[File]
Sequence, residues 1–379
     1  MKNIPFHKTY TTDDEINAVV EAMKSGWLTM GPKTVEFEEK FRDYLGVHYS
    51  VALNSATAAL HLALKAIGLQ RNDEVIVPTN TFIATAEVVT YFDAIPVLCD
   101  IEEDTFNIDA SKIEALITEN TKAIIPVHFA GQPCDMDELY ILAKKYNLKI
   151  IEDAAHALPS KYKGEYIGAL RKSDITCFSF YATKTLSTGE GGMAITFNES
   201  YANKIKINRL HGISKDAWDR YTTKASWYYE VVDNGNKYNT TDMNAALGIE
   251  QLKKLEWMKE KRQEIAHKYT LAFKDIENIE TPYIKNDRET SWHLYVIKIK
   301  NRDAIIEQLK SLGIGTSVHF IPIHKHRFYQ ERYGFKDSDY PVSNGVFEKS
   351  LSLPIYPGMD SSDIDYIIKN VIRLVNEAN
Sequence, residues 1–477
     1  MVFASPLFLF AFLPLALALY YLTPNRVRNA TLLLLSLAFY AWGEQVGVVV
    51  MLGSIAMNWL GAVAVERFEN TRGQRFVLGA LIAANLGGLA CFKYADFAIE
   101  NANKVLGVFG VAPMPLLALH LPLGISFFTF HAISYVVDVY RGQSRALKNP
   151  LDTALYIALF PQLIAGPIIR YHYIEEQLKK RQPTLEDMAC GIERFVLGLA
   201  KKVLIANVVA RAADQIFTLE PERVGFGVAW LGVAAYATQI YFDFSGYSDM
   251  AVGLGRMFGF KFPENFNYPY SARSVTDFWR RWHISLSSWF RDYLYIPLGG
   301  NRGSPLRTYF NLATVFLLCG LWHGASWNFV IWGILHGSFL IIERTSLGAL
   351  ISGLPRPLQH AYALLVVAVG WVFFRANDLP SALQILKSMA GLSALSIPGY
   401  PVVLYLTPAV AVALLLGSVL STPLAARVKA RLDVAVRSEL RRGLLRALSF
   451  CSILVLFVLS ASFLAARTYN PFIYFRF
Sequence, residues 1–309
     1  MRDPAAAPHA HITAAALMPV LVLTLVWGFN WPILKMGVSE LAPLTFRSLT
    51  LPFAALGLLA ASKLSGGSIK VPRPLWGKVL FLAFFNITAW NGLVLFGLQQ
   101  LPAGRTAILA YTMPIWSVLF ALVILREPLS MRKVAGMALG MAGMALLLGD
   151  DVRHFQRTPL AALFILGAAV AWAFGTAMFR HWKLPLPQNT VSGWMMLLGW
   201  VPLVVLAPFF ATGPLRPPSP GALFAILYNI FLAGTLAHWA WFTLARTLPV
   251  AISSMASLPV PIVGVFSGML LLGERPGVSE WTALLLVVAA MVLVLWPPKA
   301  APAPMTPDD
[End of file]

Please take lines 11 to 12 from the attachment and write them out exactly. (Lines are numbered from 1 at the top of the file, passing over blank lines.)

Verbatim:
     1  MVFASPLFLF AFLPLALALY YLTPNRVRNA TLLLLSLAFY AWGEQVGVVV
    51  MLGSIAMNWL GAVAVERFEN TRGQRFVLGA LIAANLGGLA CFKYADFAIE